Learn The Correct Way To Descend: Climbing downhill can be tricky and deceptive, it may feel easier but it’s much more complicated than meets the eye. Reckless descent can and does cause some of the most severe knee and toe injuries.

Things to Remember On Your Trip Down:

knee injury during trekking downhill


i. Wear Your Shoes Properly: One cannot stress enough just how important shoes are while trekking. Find the correct shoes for yourself and tie your shoelaces tight to avoid ankle twists and sprains.

ii. Keep Your Knee Joints Loose: The key to protecting yourself from straining your knee is to keep your legs loose and limber. Don’t squeeze them or stiffen them. Remember to walk with ease.

iii. Don’t Slow Down: Over the years, word has gotten around that one must arrest their speed while climbing downhill. Even though the information has found its way into mainstream knowledge, it is factually incorrect. Do not arrest your speed, let gravity take its course, go with the flow, and let the natural movement take you.

iv. Lean Back: Quite similar to how we lean forward while climbing uphill, we must lean back on our way down. This is more of an automatic reflex but make sure to lean back to adjust your centre of gravity.

v. Heel first and then toe: Remember to put your heel down first instead of your toes. If you are consistently placing your toes first it will result in painful toes which might just spread through the leg. Practise putting your heels in first and soon you will fall into a rhythm.

vi. Seek out flat surfaces: This is something that goes without saying, but search for and step on flat surfaces and avoid the rocky ground.

Right trekking shoes: Like we aforementioned, the correct shoes have the potentiality to make or break your trek. So, you must exercise extra precaution while selecting the gear. Any perfect trekking shoe should fit snug on your feet but make sure it’s not too tight and it leaves enough space for your toes to relax. Visit a trusty store, have your foot’s length measured, and invest in the right pair of shoes. They will serve you for a long time to come.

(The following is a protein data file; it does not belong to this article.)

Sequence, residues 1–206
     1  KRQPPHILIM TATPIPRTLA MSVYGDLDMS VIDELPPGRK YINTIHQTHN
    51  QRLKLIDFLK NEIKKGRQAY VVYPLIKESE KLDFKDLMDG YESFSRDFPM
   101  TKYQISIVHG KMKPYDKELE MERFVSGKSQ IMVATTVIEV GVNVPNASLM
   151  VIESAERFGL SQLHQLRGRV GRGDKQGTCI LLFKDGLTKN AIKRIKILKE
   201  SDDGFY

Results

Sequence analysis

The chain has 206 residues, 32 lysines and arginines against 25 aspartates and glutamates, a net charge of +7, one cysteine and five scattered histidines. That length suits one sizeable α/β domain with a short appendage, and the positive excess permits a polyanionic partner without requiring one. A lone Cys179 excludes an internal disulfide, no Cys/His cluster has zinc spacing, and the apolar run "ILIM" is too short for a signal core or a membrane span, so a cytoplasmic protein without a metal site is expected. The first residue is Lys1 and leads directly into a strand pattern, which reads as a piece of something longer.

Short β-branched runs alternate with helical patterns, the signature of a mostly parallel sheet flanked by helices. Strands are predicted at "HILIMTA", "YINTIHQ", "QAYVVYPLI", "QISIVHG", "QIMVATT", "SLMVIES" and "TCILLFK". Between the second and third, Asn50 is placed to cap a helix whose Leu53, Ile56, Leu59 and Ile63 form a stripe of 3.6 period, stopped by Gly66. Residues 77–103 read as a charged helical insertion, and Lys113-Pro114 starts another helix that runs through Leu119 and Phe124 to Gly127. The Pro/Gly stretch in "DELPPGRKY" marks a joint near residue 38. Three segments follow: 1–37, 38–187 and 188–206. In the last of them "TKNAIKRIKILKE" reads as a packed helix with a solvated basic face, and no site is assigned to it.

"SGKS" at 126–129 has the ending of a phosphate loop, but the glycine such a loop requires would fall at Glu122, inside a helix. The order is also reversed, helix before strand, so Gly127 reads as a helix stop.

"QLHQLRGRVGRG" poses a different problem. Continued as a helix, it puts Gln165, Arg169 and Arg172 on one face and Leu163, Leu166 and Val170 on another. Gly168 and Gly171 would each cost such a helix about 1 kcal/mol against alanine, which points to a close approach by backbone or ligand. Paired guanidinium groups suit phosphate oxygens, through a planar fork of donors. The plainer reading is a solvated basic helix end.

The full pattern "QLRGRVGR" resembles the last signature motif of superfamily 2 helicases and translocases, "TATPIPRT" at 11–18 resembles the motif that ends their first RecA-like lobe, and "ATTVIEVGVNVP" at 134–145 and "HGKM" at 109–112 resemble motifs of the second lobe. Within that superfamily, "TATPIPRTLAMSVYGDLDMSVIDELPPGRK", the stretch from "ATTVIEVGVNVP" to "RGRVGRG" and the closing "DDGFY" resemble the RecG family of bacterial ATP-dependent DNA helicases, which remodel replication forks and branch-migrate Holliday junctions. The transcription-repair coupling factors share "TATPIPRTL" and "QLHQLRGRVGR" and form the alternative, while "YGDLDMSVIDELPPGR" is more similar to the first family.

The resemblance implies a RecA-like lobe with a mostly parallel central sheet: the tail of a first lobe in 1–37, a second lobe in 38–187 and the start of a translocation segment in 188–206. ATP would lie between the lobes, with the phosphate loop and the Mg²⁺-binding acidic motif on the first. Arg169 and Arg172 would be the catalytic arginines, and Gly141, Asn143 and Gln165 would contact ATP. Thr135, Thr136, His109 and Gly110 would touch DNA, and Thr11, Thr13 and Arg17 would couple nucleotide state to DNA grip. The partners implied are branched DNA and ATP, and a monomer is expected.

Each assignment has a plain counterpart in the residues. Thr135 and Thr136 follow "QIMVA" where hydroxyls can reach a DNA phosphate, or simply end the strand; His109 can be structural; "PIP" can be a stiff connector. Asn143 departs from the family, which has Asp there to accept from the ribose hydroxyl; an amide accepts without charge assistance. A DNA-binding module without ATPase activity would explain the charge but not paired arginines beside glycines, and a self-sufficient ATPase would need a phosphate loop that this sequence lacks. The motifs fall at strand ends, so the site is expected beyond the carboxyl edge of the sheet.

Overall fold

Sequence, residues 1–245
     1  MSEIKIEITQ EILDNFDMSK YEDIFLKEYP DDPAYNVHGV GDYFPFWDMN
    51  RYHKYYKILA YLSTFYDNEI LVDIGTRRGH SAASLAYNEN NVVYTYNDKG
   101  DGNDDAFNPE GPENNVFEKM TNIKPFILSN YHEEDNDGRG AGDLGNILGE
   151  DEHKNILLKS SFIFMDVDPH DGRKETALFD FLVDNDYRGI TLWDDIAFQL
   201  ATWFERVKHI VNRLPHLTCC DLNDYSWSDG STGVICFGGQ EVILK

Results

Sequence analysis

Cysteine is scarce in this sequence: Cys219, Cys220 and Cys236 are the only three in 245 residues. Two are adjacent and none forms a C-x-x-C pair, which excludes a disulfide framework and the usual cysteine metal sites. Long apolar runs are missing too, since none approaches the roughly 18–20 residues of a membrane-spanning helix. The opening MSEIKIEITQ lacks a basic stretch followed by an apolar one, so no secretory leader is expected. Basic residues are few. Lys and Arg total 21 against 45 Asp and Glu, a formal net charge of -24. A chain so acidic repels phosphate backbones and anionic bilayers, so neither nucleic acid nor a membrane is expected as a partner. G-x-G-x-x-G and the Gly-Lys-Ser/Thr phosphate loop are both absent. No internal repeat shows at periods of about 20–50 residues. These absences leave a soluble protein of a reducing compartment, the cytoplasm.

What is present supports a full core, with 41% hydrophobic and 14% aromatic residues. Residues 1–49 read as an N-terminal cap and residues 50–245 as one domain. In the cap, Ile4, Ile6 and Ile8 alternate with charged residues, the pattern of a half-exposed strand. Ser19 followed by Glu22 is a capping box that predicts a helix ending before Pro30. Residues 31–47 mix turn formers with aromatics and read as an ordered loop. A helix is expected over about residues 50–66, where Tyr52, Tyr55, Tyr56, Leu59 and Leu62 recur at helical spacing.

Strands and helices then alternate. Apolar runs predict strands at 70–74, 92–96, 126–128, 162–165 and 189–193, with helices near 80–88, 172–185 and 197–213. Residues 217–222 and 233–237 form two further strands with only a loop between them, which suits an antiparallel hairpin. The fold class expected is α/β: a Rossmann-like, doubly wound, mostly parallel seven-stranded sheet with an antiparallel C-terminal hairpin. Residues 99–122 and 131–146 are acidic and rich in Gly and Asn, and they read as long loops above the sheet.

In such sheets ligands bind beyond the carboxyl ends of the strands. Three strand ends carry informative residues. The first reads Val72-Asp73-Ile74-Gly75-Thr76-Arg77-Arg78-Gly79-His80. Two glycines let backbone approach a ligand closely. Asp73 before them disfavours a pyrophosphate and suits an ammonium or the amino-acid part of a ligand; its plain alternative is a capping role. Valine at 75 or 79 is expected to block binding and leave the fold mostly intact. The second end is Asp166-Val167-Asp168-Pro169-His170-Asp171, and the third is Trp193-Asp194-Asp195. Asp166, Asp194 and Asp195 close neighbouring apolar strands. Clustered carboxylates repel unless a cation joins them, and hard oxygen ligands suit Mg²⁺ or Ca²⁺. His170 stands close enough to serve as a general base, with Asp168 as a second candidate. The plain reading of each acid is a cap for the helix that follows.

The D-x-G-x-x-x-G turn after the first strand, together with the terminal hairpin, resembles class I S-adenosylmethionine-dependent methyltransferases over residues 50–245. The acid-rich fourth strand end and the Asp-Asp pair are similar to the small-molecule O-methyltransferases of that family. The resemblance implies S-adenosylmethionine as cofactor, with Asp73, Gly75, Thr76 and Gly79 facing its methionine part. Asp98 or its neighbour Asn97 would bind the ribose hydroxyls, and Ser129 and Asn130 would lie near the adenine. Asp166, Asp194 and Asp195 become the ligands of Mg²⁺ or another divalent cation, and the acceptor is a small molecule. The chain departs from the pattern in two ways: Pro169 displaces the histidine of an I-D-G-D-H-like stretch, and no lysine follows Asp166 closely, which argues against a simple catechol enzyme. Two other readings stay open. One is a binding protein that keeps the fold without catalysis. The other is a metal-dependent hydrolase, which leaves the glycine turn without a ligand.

Pack lightly: This seems like a very obvious point but we promise you it’s tougher than it looks. The longer the trek, the more you feel obligated to pack when ideally it should be the opposite. A light backpack will not only prevent knee and back injury but it can also make the trek much more enjoyable. Pack light, take only what you need, and share with your trek buddies.

How to deal with recovery during a trek?

Knee injuries are obviously not desirable but they are also no reason to quit trekking – an activity you love so dearly. That being said, it’s tricky to recover from a knee injury but not impossible. For starters, you need plenty of rest before your next big excursion. It is imperative not to ignore the pain believing it will heal itself – that’s how it usually gets worse. Take the necessary steps required for a smooth recovery. Use ice compressions and keep your knee in elevated angles, incorporate calcium and protein in your diet, and visit a doctor or physiotherapist if need be. And most importantly, do not get impatient with your healing process, let your body heal at its own pace.

This goes without saying but you have to make sure you don’t feel any pain in your legs before your next epic adventure. Book your slot accordingly. To ensure your trek goes smoothly you must regain your strength and vitality. Practise the aforementioned knee strengthening exercises. Go running or swimming, although it would be more advantageous to opt for the latter since it has a low impact on joints. And believe in yourself. But also do not push yourself into something you’re not prepared for. Go ahead with trekking only when your mind and body have both given a green light for the trip.

It is only natural to be wary of the journey that awaits post an injury but that doesn’t mean you must succumb to the trauma. Prepare well before the trek, procure all the support you need, and go at it with a steel determination.

After Trek Exercises

You are not done caring for your knees once the trek is over. Give your knees and legs some much-needed rest before you resume your workout sessions. You can begin with the previously mentioned leg strengthening exercises after 4-5 days of your trek.

Written by Rupsha on 14-Aug-2020